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Lapostolle Clos Apalta 2008

Bordeaux Red Blends from Chile
  • WE95
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14.2% ABV
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14.2% ABV

Winemaker Notes

The 2005 vintage of this wine was ranked #1 on the Wine Spectator's Top 10 Wines of 2008

Deep purple inky red color. On the nose, focused, with a very special purity of fresh black and red fruit and elegant herbs aromas. Elegant and balance on the palate with silky and juicy tannins. More fruit flavors and a very long finish.

Open and leave to breathe for a couple of hours or carefully decant for minimum 1 hour and enjoy at room temperature; 60 to 65 F. Ideal companion for game, lamb, and entrecote fillet. Also good with rich cocoa chocolate deserts.

Blend: 73% Carmenere, 17% Cabernet Sauvignon, 10% Merlot

Critical Acclaim

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WE 95
Wine Enthusiast
Clos Apalta, depending on your point of view, is arguably Chile's best wine. And this vintage is outstanding! Earth, minty spice, ripe berry, minerality and smoky aromas cover the bases. It's superbly structured, with a fine texture and depth. Tastes lush and complex, with blackberry, creme de cassis, fine herbs and tobacco. Finishes classy.
JS 95
James Suckling
This is linear and tight with freshness and intensity. Medium-to-full body, bright acidity and focus. Love the finish. So right now. A blend of 73% carmenere, 17% cabernet sauvignon and 10% merlot.
WS 92
Wine Spectator
Fine-tuned and expressive, yet focused, this red has terrific display of dark, racy blackberry, boysenberry and braised fig flavors finely woven with spice, mesquite and cured olive hints. Silky tannins frame the long finish, with an aftertaste of fruit and mocha. Carmenère, Cabernet Sauvignon and Merlot. Drink now through 2017. Tasted twice, with consistent notes. 4,771 cases made.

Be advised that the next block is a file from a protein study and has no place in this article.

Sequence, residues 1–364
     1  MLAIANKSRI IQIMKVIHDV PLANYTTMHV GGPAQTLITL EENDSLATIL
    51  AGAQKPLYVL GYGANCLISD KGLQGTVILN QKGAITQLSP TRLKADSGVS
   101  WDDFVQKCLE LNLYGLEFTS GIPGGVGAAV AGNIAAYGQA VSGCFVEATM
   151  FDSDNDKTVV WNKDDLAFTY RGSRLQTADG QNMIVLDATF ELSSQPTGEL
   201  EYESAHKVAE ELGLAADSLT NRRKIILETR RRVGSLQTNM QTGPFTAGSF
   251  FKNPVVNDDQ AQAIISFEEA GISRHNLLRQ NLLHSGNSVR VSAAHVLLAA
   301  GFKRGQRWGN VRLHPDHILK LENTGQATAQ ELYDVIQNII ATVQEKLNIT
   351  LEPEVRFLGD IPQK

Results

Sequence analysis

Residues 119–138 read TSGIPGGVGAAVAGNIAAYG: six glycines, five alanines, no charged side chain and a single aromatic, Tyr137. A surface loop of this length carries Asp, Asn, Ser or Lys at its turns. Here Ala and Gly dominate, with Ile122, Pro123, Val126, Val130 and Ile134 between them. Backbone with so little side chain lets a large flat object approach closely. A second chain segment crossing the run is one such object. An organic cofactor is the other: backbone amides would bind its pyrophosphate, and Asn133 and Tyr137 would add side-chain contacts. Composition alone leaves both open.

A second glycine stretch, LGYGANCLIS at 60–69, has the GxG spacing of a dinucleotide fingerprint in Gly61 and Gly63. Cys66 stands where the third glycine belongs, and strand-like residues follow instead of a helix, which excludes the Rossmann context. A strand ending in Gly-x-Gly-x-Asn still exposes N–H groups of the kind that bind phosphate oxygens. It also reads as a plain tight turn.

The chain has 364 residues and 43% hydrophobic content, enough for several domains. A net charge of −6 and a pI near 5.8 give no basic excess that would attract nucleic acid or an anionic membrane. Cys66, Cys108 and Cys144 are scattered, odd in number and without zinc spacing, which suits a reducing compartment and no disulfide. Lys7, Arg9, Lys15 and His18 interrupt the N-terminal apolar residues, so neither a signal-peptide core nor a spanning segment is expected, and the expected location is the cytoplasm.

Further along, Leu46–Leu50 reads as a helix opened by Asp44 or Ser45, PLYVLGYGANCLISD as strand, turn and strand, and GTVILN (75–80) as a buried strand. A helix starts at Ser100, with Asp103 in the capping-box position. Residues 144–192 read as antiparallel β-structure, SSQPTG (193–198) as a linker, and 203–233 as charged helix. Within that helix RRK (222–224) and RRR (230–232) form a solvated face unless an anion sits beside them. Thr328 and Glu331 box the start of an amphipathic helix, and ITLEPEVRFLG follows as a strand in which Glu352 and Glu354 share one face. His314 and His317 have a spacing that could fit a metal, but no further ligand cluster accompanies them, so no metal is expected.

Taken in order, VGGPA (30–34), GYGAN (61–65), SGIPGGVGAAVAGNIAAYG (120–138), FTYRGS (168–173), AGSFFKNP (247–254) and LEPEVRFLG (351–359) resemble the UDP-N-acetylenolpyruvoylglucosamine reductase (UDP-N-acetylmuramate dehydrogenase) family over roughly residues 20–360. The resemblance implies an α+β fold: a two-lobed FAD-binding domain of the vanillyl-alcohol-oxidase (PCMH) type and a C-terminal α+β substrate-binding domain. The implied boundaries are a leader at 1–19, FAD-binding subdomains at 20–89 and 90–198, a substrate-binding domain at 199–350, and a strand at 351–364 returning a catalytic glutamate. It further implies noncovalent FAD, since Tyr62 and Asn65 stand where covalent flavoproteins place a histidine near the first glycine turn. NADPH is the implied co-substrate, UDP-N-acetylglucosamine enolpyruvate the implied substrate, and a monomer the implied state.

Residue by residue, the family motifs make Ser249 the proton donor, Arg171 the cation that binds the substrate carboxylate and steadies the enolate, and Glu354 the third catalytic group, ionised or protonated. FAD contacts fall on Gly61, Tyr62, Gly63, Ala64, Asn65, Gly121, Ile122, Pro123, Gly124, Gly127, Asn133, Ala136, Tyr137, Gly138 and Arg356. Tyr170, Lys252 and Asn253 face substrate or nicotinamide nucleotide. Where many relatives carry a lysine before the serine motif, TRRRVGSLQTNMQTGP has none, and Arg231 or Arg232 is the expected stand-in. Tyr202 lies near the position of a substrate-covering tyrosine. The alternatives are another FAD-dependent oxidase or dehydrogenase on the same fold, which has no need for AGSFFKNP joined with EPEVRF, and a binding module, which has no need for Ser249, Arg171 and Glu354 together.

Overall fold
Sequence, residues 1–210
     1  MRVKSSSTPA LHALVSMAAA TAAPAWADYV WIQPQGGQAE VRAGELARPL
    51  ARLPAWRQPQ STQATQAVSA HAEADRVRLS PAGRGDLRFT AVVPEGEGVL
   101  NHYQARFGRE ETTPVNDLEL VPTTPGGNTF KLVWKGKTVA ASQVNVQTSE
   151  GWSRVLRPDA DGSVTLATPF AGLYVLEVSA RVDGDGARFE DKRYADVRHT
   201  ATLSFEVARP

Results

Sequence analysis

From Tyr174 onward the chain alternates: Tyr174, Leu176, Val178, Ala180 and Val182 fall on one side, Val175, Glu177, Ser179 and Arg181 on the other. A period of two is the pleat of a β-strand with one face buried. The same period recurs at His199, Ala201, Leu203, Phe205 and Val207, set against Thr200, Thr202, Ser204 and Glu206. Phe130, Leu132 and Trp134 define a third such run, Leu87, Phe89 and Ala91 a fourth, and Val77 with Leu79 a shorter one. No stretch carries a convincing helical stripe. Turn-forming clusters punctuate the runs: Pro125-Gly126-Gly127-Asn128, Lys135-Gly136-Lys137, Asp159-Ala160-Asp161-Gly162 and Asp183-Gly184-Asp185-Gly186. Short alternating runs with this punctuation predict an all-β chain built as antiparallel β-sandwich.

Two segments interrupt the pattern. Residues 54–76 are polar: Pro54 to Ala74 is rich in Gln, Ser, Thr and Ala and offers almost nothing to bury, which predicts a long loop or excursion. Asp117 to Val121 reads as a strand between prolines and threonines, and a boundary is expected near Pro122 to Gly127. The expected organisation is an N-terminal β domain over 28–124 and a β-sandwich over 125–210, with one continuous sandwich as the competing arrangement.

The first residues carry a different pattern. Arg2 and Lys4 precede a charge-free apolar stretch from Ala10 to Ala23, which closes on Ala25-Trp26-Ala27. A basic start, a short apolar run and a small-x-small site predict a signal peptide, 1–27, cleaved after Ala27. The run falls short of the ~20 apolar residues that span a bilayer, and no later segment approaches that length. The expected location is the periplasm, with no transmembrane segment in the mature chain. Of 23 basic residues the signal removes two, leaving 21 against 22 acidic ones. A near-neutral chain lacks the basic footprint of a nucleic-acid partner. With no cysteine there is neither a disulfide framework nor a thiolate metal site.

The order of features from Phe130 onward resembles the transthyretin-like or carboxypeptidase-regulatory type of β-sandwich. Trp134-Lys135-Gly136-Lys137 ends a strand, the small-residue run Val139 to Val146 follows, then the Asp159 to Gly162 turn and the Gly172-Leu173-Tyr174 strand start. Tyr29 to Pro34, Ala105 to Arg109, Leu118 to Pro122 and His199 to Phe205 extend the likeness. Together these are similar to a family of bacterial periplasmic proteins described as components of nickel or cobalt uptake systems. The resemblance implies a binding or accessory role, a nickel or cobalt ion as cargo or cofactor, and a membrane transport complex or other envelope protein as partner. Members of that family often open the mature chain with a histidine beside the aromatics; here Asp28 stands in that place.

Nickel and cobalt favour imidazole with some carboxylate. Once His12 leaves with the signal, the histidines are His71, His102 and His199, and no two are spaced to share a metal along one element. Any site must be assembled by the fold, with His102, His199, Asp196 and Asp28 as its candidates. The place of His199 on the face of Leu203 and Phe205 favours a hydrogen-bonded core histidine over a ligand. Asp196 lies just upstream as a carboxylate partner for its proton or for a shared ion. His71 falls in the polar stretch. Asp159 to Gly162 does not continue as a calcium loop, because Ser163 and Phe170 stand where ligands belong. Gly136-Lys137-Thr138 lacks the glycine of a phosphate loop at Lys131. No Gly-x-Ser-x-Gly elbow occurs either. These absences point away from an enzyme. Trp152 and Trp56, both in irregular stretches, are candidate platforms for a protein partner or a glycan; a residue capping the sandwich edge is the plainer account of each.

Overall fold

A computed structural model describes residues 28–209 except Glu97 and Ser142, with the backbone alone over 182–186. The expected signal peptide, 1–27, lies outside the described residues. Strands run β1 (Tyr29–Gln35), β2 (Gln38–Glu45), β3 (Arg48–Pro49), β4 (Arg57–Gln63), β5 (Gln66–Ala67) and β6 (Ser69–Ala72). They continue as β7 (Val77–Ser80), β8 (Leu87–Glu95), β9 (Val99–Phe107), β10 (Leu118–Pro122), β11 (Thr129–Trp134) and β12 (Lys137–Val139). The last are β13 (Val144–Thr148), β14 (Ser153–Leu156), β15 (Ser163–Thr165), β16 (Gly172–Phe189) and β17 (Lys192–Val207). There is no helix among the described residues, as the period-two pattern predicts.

W&S 91
Wine & Spirits
A blend based on old-vine carmenere, this latest vintage of Clos Apalta is faithful to its style: a tremendously ripe wine full of fig flavors, fresh roasted coffee and chestnut scents. The structure is as big as it is powerful, and though the texture is youthfully rough, there's so much concentration of flavor that the astringency moves to the background. This is built to cellar, or to decant for braised lamb.
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Lapostolle

Lapostolle

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Lapostolle, South America
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Casa Lapostolle is one of the most dynamic and influential producers of wines in Chile. Founded in 1994 in the Apalta Valley, this family business was created by the French Alexandra Marnier-Lapostolle and her husband Cyril de Bournet, members of the family who have been recognized for the production of wines and fine liqueurs for generations in the world. In creating Lapostolle, the family has maintained their long-term vision and commitment to quality that is being the key for their worldwide success. The Lapostolle winery is located in Cunaco, Santa Cruz, Colchagua Valley, Chile; and it produce more than 200.000 cases a year of wine sourced from its three vineyards: San José de Apalta from Colchagua Valley, where there are 37 hectares; Atalayas from Casablanca Valley, with 43 hectares; and Las Kuras from the Cachapoal Valley with 101 hectares. The main varieties produced are Cabernet Sauvignon, Carmenère, Merlot, Chardonnay and Sauvignon Blanc. At Lapostolle, the goal is as simple as it is ambitious: to create world-class wines using French winemaking philosophy and the superb terroirs of Chile. The founders chose Apalta in the Colchagua Valley, because weather and geographical conditions are perfect for producing high quality red wines and they also found blocks of unique vineyards.